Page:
Almost after six years of repressing her emotional pain, Sagarika shared her story of sufferance as a human trafficking survivor. Currently working as a volunteer under CASA’s IREACH Humanitarian Response project in Sundarbans, her journey of terror, trauma and abuse to an independent woman comes off as an exemplar in the present times. It was just a matter of chance that Sagarika narrowly escaped from the trap of trafficking and resumed her life with dignity after wading through dark waters.

Sagarika was 12 years old when she had travelled along with her family, to attend her ‘Choto mami’s (aunt) wedding in a nearby village named Pakuria, in Hingalganj block, North 24 Parganas, West Bengal. On the eve of the wedding, her newlywed aunt took Sagarika to her abode, where she fell unconscious. She later discovered that the toothpaste offered by her aunt had been intoxicated with a certain drug.

“I fell unconscious within a few minutes and I woke up in an unknown vehicle with a few strangers around me as well as my aunt, who was trying to put me back to sleep, for me to remain oblivious to where I was being taken”.

Sagarika reached a small locality of Bhojanpur in Delhi where she was taken to a downtown area. “They took me to a flat, where I was kept alone in a room and I could hear screams of other girls from the next room”.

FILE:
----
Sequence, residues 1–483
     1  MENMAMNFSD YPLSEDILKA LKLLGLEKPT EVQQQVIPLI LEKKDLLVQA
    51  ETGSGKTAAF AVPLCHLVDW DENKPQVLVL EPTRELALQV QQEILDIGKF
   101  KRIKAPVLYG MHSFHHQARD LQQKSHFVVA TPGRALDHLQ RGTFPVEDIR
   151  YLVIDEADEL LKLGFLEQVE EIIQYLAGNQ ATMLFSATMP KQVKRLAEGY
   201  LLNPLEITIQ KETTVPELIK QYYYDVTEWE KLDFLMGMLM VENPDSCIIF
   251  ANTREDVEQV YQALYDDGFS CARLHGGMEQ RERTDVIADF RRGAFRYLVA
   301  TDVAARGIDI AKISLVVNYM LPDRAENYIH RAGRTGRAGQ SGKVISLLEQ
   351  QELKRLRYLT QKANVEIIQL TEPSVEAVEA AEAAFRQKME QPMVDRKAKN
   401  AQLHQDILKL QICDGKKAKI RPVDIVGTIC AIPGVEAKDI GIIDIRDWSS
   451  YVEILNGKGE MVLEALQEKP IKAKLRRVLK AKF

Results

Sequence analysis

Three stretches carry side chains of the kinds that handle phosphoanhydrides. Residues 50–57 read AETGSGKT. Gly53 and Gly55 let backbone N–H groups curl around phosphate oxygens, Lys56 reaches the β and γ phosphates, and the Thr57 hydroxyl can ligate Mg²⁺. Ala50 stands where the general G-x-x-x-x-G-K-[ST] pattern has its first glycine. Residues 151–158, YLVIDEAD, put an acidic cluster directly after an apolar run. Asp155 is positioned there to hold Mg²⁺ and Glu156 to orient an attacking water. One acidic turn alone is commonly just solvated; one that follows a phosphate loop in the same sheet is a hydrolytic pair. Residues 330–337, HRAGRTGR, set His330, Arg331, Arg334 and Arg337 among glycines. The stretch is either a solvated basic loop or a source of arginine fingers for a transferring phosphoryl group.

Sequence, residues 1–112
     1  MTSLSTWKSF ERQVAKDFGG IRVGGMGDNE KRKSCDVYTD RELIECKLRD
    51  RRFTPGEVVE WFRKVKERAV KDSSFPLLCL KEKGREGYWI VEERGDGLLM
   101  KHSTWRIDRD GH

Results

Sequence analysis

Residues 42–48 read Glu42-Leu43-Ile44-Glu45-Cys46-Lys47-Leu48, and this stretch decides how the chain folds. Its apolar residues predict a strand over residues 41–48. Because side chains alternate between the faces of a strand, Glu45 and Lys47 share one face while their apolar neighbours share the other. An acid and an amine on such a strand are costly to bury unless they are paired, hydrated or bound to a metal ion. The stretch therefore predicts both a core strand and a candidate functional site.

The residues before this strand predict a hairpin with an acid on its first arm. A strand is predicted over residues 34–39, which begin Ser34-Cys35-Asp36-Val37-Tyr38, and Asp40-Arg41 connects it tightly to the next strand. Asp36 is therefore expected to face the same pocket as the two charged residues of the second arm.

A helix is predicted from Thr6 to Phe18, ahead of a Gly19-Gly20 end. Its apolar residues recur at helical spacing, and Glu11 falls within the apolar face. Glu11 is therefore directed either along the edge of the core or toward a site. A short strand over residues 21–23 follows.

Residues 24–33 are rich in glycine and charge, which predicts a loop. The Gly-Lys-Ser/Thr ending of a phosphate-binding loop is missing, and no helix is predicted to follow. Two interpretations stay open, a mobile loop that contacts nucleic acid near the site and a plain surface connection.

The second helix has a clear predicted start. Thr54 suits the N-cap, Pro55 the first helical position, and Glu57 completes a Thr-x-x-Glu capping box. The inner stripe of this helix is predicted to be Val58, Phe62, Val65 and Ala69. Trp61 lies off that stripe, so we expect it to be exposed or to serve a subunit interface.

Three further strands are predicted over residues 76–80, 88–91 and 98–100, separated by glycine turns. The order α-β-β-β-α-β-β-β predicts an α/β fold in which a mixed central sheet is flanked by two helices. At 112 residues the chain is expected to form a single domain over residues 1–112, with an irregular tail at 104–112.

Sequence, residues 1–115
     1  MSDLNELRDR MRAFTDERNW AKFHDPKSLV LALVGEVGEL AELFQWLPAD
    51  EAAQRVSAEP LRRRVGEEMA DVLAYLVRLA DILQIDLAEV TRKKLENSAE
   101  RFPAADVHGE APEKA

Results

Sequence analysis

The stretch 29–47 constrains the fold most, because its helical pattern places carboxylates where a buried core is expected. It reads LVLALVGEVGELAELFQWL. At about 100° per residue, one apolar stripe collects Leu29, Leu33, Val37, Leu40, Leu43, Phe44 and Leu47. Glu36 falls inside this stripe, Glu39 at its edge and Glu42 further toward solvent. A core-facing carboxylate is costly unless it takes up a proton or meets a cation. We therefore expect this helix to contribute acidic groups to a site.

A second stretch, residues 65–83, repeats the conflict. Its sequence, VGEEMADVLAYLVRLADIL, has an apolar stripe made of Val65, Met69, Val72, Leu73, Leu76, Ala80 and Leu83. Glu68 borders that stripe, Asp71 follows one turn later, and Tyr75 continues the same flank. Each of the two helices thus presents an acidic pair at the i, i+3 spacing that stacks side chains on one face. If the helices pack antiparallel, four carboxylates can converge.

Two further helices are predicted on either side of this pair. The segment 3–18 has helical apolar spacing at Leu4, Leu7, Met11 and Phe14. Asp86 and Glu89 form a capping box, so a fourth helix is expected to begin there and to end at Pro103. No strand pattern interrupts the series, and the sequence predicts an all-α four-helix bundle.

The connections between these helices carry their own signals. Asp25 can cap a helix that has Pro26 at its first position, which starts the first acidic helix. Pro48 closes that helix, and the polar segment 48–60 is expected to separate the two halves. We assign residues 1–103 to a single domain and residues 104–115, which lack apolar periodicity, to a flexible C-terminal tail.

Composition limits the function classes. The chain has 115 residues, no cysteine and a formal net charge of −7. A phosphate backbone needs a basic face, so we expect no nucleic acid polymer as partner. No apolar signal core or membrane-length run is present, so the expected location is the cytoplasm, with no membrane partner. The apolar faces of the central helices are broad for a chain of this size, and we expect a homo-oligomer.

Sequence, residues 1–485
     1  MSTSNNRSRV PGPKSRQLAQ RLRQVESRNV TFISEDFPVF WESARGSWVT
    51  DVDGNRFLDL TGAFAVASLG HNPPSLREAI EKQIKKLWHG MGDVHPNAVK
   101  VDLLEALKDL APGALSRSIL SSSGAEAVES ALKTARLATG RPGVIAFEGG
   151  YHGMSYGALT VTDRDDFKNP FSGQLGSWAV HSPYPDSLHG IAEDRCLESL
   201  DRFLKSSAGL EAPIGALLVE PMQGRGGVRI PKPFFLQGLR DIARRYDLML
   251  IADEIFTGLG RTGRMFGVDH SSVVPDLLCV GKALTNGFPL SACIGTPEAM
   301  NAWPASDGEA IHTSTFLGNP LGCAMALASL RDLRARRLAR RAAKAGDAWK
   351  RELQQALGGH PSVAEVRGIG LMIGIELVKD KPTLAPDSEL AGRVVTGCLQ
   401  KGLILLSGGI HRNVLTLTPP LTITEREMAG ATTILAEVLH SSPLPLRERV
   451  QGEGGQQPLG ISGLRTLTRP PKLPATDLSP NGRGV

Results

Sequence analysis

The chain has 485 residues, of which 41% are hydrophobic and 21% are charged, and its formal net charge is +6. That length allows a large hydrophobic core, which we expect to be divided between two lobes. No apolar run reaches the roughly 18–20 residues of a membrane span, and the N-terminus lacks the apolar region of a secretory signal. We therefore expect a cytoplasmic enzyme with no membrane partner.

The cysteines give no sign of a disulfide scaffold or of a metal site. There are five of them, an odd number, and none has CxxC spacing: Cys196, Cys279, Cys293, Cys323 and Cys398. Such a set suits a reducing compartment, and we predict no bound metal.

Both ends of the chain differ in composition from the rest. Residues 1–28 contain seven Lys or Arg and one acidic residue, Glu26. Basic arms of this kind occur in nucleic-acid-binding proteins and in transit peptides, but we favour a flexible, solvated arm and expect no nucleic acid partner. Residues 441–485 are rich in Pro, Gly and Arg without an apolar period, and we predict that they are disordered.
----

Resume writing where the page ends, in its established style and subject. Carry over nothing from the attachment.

Sagarika could sense the intensity of the strange situation she had crossed paths with. She was sold to a pimp named ‘Raju’, by her aunt. They escorted her to Coochbehar in North Bengal in order to escape the raids that were regularly conducted by Delhi Police in brothels and hotels.

“I was sold to the head of the red-light area in Coochbehar, to a woman named Arati Das, who was running the entire racket in the area. There, I was given a capsule that had to be taken every day”.

Every time Sagarika swallowed the pill, she felt jittery, with her heart thumping rapidly against her chest, she would suddenly fall asleep. “I later found out from other girls in the brothel that because I was so young, I was given hormone growth pills in order to look older than my actual age so that I can satisfy the customer”.

As she was the youngest among all, she was kept in a separate room until she developed into a fully grown woman, to entertain the customer. “A girl tried to help me from my situation but failed, as we were thoroughly beaten for building a friendship and tortured for getting close”.

Sagarika was subjected to mental, emotional and physical torture every day. Her worst fears came to life when she overheard a dealer discussing about selling her in another part of India. “One night, I overheard that I was going to be sold in the northern part of the country, in the red-light area of Kashmir, and that the deal was in lakhs. The same night, a girl managed to run from the brothel and escaped”.